by Luke Turner
For most of the year, the flat grey cliffs, steep-sided inlets, rocky drowned valleys, and rolling slopes (richly carpeted with moss and wild flowers) of the Traena archipelago are home to just 400 people. Some work in the tourist industry, looking after guests in chalets painted red in the Scandinavian fashion. The lettering on the notices in the fish processing plant suggests others are seasonal Polish workers, who’ve made it to this point just south of the Arctic Circle to toil on the vicious looking fish-gutting machines emblazoned with gruesome diagrams of severed fingers, filling giant white plastic boxes with the produce of the cold waters.
For one weekend, though, the forklift used to shift the fruits of the sea is employed to drive boxes of ice from the fishing plant around the island to the Traena Festival. This small grassy field is filled by 2000 Norwegians in unfettered escape from Northern life, drunken and crazed on beer, munching on whale burgers from the one catering stall on site. There are two bars on this Island, one right on the water edge run by an impossibly attractive woman who, in self-conscious furs and reindeer earrings, seems to be an escapee from the Oslo fashion set. The other, up by the Festival, is a characterless collection of rooms but is owned by a genial man who sells his beer for a mere five Krona a can, and promises that in 25 years, he hasn’t indulged in any “monkey business” to exploit in-comers. You imagine neither does a roaring trade.
Although work and the Festival is why I’m here – to cover British Sea Power playing their Man of Aran soundtrack in a tiny, white-painted stave church for the NME – it’s hard not to simply to be overwhelmed by this magical place. In Man of Aran, British Sea Power have perhaps found the most perfect realisation of their aesthetic and desire to harness the medium of amplified rock music to the exploration of subjects less travelled. That’s not to say that their other material is in any way diminished by the comparison, far from it – it’s just that in the largely instrumental, lively score they seem to have tapped into something that the original print of the film, with its inappropriate big band accompaniment, was lacking.
When British Sea Power took Man Of Aran to the Branchage Film Festival in Jersey last year, it moved many on that island community. This time, it has even more of an impact: at the end of each screening, applause and cheers fill the tiny church, and it’s not just the locals who have eyes filled with tears. In part, seeing Man of Aran in Traena church is so moving because outside the church you’re surrounded by a landscape, and a people, only slightly removed from those doughty Islanders Robert Flaherty filmed in 1934. Technology might have moved on, and the boats are bigger – but there’s still a smashed life vessel beached on a dock and, between two of the peaks on the island of Sanna, seaweed-covered boulders lie far above this summer high water mark, a reminder that this cobalt sea has darker moods.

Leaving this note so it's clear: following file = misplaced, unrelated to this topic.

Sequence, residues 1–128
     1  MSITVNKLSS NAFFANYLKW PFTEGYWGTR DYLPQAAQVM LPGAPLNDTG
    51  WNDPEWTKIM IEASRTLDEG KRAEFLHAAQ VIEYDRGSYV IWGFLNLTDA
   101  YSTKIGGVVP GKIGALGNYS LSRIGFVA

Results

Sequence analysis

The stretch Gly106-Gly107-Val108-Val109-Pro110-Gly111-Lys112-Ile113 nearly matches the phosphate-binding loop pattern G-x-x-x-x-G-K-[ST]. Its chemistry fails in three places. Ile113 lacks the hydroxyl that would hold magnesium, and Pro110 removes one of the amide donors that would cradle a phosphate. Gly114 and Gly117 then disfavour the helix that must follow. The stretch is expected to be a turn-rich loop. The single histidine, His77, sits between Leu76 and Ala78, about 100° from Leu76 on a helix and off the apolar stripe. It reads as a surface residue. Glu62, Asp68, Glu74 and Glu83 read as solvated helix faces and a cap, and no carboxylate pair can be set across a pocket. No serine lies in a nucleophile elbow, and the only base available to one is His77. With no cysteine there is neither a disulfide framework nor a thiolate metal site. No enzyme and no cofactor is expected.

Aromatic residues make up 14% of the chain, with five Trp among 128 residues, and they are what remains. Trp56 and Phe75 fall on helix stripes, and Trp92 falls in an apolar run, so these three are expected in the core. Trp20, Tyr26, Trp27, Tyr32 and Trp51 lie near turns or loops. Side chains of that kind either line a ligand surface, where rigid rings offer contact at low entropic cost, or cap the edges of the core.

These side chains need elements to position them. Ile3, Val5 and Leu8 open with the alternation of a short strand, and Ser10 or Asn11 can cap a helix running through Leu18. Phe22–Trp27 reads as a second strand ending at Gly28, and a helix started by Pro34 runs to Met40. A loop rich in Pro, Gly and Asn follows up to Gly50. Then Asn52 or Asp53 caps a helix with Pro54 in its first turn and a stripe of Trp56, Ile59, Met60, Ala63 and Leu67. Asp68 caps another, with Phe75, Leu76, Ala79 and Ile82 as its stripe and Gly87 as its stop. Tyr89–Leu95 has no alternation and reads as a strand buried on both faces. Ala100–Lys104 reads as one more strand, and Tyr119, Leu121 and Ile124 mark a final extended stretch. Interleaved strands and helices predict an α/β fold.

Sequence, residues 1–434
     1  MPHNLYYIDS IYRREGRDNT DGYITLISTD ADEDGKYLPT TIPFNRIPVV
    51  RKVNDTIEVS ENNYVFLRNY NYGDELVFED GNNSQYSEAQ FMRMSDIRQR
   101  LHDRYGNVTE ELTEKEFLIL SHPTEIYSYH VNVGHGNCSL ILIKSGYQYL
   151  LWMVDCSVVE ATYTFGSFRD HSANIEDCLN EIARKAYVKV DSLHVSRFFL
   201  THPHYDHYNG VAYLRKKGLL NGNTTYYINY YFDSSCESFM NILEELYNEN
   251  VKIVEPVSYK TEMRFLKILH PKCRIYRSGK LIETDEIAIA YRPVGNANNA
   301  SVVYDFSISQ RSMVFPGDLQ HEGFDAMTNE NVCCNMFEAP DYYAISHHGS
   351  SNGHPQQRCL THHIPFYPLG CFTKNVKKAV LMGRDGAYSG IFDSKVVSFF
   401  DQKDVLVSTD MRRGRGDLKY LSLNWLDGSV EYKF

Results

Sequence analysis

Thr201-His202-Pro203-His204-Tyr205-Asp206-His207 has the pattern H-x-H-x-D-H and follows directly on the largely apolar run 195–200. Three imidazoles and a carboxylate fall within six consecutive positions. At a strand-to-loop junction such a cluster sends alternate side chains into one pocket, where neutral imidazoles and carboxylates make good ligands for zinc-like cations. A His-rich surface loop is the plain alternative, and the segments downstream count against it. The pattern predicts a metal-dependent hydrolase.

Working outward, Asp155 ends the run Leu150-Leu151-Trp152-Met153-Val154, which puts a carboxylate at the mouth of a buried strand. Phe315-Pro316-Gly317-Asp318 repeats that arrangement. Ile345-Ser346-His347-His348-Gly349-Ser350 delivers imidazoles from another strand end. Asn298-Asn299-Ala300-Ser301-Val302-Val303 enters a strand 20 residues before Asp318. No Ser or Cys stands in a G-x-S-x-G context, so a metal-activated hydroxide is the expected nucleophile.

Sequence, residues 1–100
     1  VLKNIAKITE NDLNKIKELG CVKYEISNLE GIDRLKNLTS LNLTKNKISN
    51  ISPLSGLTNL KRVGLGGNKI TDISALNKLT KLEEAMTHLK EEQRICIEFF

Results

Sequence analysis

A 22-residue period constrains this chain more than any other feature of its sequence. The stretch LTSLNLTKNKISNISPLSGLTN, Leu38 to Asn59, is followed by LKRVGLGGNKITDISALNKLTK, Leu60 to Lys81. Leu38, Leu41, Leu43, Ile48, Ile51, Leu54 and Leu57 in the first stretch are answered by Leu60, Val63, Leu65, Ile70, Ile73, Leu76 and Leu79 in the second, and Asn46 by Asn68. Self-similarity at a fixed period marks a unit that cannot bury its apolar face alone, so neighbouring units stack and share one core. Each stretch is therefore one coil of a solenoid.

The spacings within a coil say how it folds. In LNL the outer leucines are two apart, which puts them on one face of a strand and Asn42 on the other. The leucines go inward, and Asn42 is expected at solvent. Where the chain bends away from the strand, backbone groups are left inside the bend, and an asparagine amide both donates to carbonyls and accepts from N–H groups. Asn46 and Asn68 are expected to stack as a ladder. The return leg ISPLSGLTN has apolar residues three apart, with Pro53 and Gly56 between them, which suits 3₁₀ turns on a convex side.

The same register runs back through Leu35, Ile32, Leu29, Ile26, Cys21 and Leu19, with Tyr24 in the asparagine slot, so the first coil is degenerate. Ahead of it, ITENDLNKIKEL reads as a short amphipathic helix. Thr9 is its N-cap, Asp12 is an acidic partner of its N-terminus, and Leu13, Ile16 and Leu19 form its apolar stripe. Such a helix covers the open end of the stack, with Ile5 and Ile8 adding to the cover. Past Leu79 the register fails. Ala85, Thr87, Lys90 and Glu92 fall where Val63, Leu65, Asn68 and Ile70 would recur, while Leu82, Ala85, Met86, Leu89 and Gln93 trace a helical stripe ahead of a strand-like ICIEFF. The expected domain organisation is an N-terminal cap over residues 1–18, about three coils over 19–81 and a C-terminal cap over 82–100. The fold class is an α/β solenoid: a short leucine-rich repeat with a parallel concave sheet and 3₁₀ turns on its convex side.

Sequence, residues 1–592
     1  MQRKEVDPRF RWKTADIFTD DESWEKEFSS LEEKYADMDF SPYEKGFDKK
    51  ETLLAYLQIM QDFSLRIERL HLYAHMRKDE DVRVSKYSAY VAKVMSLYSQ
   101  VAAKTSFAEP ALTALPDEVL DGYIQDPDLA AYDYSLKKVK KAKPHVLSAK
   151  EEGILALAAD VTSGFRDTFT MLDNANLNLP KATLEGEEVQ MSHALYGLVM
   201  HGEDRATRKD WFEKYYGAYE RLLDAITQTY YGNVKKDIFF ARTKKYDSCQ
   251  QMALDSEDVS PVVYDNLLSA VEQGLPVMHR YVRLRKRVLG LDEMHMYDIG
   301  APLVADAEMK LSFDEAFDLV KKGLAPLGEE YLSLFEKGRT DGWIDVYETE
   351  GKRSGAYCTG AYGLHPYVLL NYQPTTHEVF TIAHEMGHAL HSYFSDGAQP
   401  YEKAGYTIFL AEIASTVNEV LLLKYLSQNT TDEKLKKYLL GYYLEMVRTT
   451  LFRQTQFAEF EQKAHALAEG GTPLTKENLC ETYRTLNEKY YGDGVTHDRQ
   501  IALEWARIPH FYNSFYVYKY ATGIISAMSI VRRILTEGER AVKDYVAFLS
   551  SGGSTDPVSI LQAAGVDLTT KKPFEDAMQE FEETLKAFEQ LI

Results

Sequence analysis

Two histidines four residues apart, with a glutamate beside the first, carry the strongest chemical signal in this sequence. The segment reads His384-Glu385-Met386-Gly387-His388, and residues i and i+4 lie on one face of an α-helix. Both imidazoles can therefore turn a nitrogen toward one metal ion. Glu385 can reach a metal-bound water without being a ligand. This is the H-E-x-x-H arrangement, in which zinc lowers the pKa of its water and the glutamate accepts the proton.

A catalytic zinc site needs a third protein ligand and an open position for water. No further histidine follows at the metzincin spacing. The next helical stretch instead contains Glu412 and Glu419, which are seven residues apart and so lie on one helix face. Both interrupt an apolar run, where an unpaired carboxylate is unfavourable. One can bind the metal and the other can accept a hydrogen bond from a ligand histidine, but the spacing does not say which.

The rest of the four days and nights (although these are never nights, for the sun doesn’t ever fully set) are spent in a strange and magical reverie, motoring around the islands on small boats, British Sea Power’s avid birdwatcher Martin Noble adding three new species (bluethroat, sea eagle, northern wheatear) to his notebook. The islanders are hospitable, too, wanting to share their day-to-day lives with those of us from near and far away. On one morning, a blue fishing boat pulls into the little harbour where we’re staying, and a motley collection of Brits and Norwegian clamber aboard.
We head out past the shelter of the smaller islands into the Arctic Ocean, throwing handlines over the side whenever our captain Thor spots a shoal on his sonar. Soon, pollack, cod and haddock are coming over the side. Thor reaches into the box, and slits a cod under the gills. Rummaging around in the red oomska, he pulls out the heart and announces something in Norwegian – he doesn’t speak English. A local onboard tells us that he was explaining the raw heart is considered a delicacy by some, but nobody onboard seems keen to sample this treat, and it sits in the box, gently pulsing, for the next hour. Back on land, we clean and fillet the fish, wrap the meat in foil, and cook them over hot coals. It’s the best I’ve ever tasted.
At the Festival site on the last night, we see Thor sat on a picnic bench, still in the bright red jacket he wore to sea. He greets NME photographer Dan and I with hearty shakes of the hand and enthusiastic words of Norwegian. Dan buys him a beer and shows the pictures he took on the boat. With gesticulations and translation from a Norwegian so drunk he can hardly speak, we get the captain’s address. Not email, just the following: Thor Jeppesen, 8742 Traena, Norge.